Shay's team didn't let the other team score in the 9th inning and headed back to the batting cage. The team put Shay in the batting order. Shay's team scored another run, but they also got two more outs. With the bases loaded, the potential winning run and no room for error, was on base. Shay was up next to bat.
His father's heart sank a little as he realized Shay's team had no chance to win the game if Shay took his scheduled turn to bat.
The same boy who agreed to let him play handed Shay the bat, and guided him towards home plate. All of the boys knew a hit was impossible. Shay couldn't even hold the bat right. They could forget him actually connecting with the ball.
The pitcher for the other team realized that the other team was giving up the win for this moment in Shay's life. The pitcher moved a few steps closer so he could throw softer, in hopes that Shay would at least be able to hit the ball.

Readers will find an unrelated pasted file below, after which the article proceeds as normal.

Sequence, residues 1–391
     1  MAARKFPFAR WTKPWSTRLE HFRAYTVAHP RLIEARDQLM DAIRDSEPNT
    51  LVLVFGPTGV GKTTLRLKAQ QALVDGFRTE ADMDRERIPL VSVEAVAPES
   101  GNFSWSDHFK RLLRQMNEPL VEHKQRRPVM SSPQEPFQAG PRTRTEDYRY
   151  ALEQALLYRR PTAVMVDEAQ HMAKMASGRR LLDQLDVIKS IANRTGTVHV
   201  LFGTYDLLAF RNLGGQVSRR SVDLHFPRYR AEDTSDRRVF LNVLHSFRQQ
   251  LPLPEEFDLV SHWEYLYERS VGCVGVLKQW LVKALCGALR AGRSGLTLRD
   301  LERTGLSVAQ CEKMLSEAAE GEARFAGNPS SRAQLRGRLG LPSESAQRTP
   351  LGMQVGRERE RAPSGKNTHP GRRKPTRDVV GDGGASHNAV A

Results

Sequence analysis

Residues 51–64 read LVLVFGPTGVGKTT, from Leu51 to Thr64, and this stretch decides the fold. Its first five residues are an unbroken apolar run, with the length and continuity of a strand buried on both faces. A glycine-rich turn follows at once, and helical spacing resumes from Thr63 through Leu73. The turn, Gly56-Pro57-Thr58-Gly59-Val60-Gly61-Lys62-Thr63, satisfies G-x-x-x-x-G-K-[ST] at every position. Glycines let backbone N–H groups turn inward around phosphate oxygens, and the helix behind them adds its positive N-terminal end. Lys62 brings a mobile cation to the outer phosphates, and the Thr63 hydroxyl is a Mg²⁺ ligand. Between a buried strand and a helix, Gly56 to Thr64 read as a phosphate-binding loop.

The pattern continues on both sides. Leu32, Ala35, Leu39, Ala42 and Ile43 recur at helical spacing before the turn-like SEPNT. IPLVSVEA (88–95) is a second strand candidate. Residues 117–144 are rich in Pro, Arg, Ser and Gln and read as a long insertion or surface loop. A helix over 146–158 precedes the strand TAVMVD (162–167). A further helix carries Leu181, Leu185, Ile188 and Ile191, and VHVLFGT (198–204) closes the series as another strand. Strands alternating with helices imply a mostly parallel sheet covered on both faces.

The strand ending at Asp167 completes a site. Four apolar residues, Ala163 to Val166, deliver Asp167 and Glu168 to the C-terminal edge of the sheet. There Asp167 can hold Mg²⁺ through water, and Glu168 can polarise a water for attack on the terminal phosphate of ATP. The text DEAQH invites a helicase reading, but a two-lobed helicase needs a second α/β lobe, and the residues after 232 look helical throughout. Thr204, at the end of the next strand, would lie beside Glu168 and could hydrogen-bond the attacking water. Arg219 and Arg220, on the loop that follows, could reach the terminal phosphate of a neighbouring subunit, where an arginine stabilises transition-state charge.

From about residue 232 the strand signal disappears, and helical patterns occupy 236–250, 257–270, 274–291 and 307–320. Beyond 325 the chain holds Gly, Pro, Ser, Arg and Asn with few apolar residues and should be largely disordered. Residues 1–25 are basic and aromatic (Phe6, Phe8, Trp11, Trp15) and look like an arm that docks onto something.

Shay swung clumsily and missed. Strike one.
The pitcher stepped even closer and tossed the ball softly. Shay swung too late. Strike two.
As the third and final pitch came, Shay swung at the perfect time, hitting a slow ground ball right back at the pitcher's feet.
Realizing the game was over, his father stood to cheer for his son, trying to be happy that Shay had made contact with the ball. As he did, he realized that the pitcher picked up the ball and threw the ball way over the first baseman's head.
Shane should have been out. The game wasn't over. But it wasn't. The boys on both teams and the crowds in the stands began yelling, "Run to first, Shay! Run to first!"
Shay had never ran that far, but he scampered down the baseline to first base. Once he got there, the instructions changed to, "Second base, Shay! Run to second!" Still trying to catch his breath, Shay struggled to the next base. Once he made it to that base, the right fielder, the smallest guy on the other team, had the chance to be the team hero.